Finding problems with this transfer isn't easy. There's some noise in shots of the evening sky (look above Cornwallis's mansion before the dinner party scene), some print flecks throughout the film, some strange boosts in contrast (watch when Martin returns home after rescuing Gabriel), and a bit of elevated grain in occasional shots, but the only thing that comes close to being an actual issue is that colors appear to be slightly oversaturated every once in a while -- the effect ends up flushing some of the actors' faces (this happens most frequently in the final battle). However, despite these minor setbacks, the overall picture quality is extremely impressive and any fan of the film or home theater enthusiast will be excited to see how good it all looks.
'The Patriot: Extended Cut' features two superb audio tracks -- a well rounded Dolby Digital 5.1 surround track (640 kbps), and a richer Uncompressed PCM 5.1 mix (48 kHz / 4.6 Mbps). The standard audio sounds pretty good, but the uncompressed mix is the mix of choice and will leave a definite impression on your home theater.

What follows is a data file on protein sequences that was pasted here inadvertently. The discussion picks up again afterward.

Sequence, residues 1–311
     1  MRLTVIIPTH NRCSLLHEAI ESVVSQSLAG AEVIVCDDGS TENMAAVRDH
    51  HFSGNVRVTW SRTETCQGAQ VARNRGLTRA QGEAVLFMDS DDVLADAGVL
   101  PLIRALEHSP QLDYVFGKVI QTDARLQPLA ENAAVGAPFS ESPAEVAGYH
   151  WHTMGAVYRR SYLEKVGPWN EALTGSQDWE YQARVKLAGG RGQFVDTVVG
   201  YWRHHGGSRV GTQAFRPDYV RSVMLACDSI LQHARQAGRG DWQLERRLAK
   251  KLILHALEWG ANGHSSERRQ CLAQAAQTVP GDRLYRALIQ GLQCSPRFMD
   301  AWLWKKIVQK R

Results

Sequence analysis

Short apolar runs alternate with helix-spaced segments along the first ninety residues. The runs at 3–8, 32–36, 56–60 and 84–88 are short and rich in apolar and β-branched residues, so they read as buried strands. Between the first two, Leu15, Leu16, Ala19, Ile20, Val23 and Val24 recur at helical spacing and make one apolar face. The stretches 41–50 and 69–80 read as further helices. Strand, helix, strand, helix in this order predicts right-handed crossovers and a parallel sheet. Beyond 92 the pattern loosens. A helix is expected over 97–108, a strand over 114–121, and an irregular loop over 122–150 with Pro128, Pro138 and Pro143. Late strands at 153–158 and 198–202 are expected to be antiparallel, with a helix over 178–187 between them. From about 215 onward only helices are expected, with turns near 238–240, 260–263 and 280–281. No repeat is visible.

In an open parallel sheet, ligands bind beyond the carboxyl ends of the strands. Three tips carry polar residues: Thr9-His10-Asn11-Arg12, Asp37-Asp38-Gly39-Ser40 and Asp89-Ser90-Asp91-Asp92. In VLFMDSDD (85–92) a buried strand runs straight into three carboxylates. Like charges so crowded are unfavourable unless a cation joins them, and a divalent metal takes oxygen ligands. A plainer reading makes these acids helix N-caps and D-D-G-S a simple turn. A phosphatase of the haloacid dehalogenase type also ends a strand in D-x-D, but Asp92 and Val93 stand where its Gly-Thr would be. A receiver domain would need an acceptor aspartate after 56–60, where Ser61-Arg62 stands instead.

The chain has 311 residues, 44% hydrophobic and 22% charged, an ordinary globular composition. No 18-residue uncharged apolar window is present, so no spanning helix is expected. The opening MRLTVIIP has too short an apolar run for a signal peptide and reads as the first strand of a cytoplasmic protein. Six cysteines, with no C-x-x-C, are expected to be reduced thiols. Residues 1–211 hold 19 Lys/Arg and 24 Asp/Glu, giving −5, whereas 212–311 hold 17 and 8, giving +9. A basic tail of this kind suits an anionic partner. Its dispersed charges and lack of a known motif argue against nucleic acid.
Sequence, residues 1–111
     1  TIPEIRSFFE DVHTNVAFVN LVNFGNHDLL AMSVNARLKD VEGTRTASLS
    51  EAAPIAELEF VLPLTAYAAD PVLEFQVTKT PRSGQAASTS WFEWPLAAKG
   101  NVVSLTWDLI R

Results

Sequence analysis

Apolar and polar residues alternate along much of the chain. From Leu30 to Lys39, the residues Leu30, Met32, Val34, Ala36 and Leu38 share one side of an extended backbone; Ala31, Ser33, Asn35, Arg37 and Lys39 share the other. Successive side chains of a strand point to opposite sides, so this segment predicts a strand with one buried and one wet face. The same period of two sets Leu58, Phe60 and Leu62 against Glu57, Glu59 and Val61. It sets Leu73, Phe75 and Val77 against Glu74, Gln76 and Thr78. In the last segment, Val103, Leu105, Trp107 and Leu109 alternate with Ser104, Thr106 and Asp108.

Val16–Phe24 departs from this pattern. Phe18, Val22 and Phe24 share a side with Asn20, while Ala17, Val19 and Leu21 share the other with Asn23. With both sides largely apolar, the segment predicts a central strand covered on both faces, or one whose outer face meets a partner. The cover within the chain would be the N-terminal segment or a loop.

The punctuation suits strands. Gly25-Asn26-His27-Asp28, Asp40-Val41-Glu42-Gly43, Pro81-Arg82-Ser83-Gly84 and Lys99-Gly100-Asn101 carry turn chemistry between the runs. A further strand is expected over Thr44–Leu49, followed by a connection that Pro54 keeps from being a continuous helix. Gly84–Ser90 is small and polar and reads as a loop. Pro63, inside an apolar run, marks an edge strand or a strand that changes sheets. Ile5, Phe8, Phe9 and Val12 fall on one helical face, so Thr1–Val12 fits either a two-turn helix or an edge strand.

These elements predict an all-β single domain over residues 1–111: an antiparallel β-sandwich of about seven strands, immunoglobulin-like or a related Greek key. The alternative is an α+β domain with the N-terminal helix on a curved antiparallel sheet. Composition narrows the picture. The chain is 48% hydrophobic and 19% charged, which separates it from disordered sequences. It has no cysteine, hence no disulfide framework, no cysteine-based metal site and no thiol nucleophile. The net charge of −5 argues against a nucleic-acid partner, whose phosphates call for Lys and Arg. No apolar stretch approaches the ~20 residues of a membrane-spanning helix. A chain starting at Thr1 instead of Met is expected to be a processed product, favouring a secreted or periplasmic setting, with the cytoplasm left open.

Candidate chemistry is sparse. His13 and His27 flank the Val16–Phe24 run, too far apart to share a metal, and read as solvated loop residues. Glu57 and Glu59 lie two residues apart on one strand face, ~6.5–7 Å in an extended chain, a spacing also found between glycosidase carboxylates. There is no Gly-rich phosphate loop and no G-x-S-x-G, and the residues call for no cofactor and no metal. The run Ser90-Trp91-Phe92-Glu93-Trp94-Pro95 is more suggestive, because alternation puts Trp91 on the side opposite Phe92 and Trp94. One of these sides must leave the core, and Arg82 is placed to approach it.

An endless bombardment of explosions, musket fire, and sword clangs emphasize the track's robust dynamics -- treble tones are crisp and bass booms are resonant. The sound ranges make the film's musical score instantly striking, filling the soundfield with charisma. Dialogue is clear and expertly prioritized -- it never gets lost in the chaos and I didn't notice any instances where it sounded at all artificial. Channel movement sends debris and bullets whizzing across the battlefield, but also tones things down to create convincing subtle effects like wind blowing through the trees. Accuracy is dead on and the surround effects use every speaker to their potential.